Both are most perfect in the Light Spring palette because that’s where the majority of their pigmentation is found. You’ll find people who are 51% of one Season and 49% of the neighbor.

 

#2c: If I’m close to my warm neighbour Season, can I wear their colours fairly well?

Sometimes yes. If you know you’re on the warm side, when you have to make colour compromises from your perfect Season in a store, opt to trend towards the side your colouring moves towards, that is a trace warmer.

How much warmer? Not a lot. There is a definite heat shift between any 2 neighbour Seasons but if you overstep it, you’ll turn your skin, eyes, and teeth yellow.

I talk a lot about The Most Important Thing (TMIT). It really helps me make good judgment calls. Some people fit into the Lights, Brights, Darks, or Softs, and tend towards the other neighbor in that same group. That means both Seasons share the same TMIT so they can borrow some of those other colours that comply with TMIT. For example:

A Light person does well in light colours, they’re very forgiving. Lightness is TMIT for both Light Summer and Light Spring. So a Light Summer might wear some of the other Light’s (Light Spring) lighter, cooler colours. Even better if she tends on the warmer side of the Light Summer anyhow.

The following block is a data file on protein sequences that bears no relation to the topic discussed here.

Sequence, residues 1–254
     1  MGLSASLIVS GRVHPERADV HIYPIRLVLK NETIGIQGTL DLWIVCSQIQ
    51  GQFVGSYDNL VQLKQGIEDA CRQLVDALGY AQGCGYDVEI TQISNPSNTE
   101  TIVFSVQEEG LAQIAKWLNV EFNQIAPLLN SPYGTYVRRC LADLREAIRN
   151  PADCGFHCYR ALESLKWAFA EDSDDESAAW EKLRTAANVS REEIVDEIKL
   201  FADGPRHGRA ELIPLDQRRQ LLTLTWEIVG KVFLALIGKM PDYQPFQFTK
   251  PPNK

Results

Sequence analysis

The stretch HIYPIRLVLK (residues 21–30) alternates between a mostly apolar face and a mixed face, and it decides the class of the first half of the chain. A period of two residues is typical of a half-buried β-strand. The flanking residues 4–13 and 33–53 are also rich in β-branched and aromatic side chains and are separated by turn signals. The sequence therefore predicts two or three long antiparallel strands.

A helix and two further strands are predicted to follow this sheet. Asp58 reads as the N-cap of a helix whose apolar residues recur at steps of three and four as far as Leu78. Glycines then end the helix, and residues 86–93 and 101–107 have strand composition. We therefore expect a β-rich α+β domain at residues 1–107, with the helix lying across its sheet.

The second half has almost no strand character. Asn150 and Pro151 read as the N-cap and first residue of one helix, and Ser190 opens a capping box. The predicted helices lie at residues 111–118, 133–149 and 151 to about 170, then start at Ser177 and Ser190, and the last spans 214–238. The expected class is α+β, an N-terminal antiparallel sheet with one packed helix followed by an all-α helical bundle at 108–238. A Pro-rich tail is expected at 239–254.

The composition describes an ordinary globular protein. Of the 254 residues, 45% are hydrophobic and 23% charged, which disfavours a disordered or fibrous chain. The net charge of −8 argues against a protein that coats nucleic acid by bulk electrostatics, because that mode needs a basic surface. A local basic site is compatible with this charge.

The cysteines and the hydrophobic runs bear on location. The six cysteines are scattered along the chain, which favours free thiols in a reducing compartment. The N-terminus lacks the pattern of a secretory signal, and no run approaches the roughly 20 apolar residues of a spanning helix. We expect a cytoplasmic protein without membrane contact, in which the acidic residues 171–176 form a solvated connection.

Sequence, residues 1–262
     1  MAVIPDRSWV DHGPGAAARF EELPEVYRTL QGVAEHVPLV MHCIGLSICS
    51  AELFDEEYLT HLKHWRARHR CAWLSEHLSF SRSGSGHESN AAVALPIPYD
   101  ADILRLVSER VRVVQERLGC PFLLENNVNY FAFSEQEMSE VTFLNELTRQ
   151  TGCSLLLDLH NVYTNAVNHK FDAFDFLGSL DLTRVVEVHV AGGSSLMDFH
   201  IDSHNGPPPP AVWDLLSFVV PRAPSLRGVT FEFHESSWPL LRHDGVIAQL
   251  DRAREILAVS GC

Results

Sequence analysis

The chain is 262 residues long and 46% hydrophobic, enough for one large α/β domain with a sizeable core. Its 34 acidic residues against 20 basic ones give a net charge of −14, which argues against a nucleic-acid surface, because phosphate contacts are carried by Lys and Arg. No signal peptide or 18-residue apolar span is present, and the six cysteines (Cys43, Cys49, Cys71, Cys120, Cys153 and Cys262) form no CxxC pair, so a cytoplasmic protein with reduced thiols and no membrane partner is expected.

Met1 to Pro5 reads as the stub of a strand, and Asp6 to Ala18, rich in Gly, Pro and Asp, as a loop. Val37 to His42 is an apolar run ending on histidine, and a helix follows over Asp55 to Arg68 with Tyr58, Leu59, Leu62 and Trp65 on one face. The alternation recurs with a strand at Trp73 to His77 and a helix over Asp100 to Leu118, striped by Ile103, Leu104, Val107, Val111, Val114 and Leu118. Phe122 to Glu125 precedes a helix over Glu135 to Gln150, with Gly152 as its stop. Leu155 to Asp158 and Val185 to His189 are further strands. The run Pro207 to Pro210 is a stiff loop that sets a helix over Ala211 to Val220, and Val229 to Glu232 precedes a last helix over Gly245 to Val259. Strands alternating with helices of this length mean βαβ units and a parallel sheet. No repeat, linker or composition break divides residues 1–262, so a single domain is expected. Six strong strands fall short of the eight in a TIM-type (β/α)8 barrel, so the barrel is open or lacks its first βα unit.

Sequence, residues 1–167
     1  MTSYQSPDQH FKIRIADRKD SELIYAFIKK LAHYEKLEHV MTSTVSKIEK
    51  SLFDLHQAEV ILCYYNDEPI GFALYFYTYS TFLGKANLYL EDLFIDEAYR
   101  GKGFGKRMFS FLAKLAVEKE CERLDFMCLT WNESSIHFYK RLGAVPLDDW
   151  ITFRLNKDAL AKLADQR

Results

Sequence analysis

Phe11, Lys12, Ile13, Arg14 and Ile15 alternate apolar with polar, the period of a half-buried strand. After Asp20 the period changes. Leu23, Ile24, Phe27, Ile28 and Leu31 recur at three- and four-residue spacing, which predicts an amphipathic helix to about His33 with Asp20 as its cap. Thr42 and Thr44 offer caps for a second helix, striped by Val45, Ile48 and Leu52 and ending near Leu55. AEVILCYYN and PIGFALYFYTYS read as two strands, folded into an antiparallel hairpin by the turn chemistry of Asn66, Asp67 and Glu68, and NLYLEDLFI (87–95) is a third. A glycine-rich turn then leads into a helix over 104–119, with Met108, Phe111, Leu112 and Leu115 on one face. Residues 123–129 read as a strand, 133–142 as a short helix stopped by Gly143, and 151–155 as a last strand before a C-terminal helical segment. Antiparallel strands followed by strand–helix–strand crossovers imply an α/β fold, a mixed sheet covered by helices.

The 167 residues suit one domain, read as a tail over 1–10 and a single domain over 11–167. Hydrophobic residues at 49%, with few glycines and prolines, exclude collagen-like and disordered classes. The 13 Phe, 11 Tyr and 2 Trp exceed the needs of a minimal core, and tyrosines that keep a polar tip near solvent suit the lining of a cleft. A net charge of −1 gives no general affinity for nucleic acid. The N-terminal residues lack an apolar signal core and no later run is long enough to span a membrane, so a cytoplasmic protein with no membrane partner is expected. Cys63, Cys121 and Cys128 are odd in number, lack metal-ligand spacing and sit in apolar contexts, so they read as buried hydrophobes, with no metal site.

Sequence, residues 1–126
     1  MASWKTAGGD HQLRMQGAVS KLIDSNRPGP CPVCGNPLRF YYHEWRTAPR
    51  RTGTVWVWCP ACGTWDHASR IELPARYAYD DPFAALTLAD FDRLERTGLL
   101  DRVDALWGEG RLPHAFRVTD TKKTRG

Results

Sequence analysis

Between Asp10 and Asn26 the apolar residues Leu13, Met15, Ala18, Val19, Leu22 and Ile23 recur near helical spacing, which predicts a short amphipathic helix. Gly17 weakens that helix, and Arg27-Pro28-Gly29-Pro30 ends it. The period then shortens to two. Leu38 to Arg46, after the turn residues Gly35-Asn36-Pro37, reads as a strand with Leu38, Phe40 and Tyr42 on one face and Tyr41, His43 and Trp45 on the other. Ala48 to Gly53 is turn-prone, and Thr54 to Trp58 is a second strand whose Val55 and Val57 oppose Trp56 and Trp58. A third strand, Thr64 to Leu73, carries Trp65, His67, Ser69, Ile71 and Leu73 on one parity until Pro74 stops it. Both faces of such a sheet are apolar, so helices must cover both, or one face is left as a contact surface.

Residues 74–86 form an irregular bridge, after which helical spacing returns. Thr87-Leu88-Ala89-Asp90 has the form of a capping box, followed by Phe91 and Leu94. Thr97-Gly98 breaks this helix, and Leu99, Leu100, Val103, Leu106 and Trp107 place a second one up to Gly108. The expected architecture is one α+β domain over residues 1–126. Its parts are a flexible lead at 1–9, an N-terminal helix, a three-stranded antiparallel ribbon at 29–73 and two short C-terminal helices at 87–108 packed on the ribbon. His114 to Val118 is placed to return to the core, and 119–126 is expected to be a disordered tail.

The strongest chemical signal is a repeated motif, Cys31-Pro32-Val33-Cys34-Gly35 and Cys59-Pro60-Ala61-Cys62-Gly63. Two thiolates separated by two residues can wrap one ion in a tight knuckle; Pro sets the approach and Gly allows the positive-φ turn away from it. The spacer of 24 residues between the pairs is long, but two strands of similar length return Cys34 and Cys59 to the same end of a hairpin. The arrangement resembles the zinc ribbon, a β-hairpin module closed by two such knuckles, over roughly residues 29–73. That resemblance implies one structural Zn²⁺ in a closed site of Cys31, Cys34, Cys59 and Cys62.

A True Summer TMIT is coolness. If fairly dark or contrasting looking, she can wear sometimes wear some of True Winter light to medium colours because they are cool too. Many True Summers will be lost in the saturation of Winter, whether the icy lights or bold darks, but some can pull it off in a small surface area. The coolness shared by the two palettes will help create some unity with the rest of her True Summer clothes.

The draping will tell you how well she’s likely to work this. True Summer and True Winter are quite a ways apart, further in my mind that the Softs, Lights, Brights, and Darks are from each other. I think that’s one reason why Kalisz arranged them not to share or be neighbours (the other reason being, What for? Kalisz made 12 UNIQUE palettes which a shared Season between True Winter and True Summer would revoke. It would be a null Season.) The other attributes of Light, Bright, Dark, and Soft seem more reasonable as neighbours that could share some colours.